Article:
If your home state requires you to have a permit to possess a handgun and that handgun has to be registered than it would be unlawful for you to have it period. More than likely you would have to turn it over to authorities or to someone who has a federal firearms license to hold it for you until you've met all the legal requirements of your home state. This should have been done at the time the handgun was left to you. However every state's laws are different. I don't know if it would be a good idea to contact authorities at this time. They could possibly arrest you for the illegal possession of a handgun. Being that you are in Massachusetts, a state that is notoriously hostile towards the 2nd Amendment. It might be a better idea to contact a lawyer before you proceed any further.
You may be on slightly stronger grounds if the pistol was left to you through a Will. (easier to prove you are the current owner). As Desertman suggested, I would contact an attorney in your state familiar with firearms who could offer guidance through/around the pertinent laws there.
I would not ask Law enforcement, as if there's a problem, they might legally have to act on it.
In most states, if something (even a deadly, evil handgun) was left to you formally, in a will or other bequest (including a witnessed oral statement), then that thing already belongs to you, and need not be "transferred." Ask the family lawyer who handled the will (or other disposition of property) for guidance.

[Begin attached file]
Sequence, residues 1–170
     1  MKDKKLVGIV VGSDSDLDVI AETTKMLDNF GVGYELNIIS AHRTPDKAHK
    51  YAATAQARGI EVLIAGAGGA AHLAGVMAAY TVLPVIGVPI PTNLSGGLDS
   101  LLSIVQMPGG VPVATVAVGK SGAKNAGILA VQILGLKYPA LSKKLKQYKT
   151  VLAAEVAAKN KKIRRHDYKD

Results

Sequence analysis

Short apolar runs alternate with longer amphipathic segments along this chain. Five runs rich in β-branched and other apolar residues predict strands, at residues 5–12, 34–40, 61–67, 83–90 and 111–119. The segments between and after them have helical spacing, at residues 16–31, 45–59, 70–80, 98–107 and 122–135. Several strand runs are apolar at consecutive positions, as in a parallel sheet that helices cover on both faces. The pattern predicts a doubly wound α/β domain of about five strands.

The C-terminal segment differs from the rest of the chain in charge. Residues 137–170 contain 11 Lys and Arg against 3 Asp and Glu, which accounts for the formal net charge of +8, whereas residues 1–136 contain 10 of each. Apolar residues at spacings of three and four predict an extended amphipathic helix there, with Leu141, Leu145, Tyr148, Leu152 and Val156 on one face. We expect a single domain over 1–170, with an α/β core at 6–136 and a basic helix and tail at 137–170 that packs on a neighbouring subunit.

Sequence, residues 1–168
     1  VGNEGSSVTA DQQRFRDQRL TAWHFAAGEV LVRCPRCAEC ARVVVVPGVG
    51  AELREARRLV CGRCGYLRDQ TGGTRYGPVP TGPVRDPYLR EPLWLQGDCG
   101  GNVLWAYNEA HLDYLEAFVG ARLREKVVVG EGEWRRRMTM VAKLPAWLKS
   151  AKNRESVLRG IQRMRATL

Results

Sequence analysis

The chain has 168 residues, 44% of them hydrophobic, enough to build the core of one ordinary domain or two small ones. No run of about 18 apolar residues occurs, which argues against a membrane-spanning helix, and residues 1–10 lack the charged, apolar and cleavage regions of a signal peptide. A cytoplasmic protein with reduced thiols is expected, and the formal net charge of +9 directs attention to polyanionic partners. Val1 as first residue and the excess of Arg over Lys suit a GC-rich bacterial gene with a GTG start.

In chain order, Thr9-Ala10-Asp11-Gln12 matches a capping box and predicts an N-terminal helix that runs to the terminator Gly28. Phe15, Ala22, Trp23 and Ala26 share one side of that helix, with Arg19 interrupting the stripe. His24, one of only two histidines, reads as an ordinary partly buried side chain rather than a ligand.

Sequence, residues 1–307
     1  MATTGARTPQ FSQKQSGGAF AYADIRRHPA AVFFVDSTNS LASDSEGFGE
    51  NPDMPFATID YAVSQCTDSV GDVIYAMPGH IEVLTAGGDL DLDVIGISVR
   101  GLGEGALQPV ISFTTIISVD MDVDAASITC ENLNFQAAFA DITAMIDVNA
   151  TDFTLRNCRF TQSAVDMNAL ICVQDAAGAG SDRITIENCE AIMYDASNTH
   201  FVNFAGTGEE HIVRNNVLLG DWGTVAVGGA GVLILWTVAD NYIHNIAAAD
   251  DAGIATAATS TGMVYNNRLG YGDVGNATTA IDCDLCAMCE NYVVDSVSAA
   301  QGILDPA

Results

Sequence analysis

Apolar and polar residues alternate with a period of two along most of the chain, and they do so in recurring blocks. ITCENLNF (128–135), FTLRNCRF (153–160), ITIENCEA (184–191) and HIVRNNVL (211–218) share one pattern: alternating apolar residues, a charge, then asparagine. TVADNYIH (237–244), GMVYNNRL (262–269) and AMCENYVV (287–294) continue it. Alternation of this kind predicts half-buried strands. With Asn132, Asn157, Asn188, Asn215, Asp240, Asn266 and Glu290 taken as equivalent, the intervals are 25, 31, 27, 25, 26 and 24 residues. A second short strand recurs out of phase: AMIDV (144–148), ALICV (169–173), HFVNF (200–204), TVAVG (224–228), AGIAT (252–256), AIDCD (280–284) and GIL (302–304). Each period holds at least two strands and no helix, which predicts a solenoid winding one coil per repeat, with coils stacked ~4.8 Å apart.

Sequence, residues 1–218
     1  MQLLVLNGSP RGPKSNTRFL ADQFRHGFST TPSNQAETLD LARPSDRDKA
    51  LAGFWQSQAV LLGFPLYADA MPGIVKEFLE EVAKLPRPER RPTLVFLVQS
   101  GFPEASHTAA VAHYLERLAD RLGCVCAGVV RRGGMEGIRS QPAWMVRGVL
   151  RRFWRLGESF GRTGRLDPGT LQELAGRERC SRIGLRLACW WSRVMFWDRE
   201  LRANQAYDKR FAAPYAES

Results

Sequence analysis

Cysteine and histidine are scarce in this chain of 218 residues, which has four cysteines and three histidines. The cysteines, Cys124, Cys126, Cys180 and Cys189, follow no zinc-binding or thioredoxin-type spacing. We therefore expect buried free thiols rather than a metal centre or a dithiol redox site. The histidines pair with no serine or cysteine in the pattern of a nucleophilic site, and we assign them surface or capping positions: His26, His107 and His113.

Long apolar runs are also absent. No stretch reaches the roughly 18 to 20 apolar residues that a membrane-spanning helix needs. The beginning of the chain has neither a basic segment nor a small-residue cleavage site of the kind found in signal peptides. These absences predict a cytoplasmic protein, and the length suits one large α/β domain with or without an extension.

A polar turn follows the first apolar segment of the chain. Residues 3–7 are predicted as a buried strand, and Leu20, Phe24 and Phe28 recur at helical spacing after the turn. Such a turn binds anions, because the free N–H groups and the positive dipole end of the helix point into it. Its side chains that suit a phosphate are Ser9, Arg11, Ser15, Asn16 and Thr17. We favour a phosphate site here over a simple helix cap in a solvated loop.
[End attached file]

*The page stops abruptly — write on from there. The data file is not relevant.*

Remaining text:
Since the item probably already belongs to you, it would be absolutely legal to ship it by FedEx or UPS to yourself, from yourself, assuming that the item is legal to possess in your own state of residence.
The "from yourself" part can legally be handled by anyone in your father-in-law's state whom you choose to nominate for the job. They would just label the package as if you, yourself were sending it to yourself.
How do I know?
Some years ago, a really good friend left me a pistol by witnessed, verbal bequest. I asked his widow to send it to me. When it arrived, it was evident that the gun did not fall under the permission-slip that my CRFFL represented, so I wrote a letter to BATFE asking for advice and clarification.
A nice BATFE Agent quickly replied that the situation was a non-issue, and unrelated to any FFL, because the gun had been left me by bequest. Thus it already belonged to me, the widow was merely acting as my shipping agent, and federal law permits anybody to ship his own gun from any location to any other location, so long as receipt of it is legal at both ends of the shipment.
I can quote chapter and verse after a little research, but since the laws in question are easily found on-line, I leave it to you to do that for yourself.
BUT... If you and the deceased both live/lived in Massachusetts, you're probably screwed.